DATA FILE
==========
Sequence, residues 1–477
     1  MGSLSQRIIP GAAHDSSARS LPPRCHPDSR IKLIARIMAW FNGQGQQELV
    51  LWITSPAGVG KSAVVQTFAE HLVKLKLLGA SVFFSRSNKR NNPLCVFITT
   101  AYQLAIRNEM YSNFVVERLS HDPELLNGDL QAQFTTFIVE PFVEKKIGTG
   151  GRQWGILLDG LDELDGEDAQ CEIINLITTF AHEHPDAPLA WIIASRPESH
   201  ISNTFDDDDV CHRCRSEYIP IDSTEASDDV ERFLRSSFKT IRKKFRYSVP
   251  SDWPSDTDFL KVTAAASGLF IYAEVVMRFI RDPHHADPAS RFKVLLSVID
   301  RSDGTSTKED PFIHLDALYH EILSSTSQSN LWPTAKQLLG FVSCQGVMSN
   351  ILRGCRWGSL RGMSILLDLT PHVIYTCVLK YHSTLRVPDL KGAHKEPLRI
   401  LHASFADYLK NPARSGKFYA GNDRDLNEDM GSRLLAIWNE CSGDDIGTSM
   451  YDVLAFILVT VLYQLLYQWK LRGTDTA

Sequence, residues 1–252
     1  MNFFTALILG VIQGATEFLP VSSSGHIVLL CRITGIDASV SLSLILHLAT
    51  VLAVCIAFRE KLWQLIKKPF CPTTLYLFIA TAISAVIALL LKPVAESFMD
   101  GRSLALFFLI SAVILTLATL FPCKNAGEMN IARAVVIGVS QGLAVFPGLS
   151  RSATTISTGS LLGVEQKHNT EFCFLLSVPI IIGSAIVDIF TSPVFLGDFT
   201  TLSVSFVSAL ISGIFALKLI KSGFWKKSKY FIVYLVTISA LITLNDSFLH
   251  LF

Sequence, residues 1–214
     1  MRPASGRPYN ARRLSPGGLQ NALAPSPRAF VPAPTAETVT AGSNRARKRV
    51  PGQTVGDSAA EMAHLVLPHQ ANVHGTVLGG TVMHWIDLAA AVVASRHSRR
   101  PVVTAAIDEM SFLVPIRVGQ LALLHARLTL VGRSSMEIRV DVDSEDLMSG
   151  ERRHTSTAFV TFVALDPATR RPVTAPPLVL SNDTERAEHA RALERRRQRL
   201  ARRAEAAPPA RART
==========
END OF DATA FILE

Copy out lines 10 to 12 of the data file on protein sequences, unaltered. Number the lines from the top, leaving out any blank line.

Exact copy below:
   401  LHASFADYLK NPARSGKFYA GNDRDLNEDM GSRLLAIWNE CSGDDIGTSM
   451  YDVLAFILVT VLYQLLYQWK LRGTDTA

Sequence, residues 1–252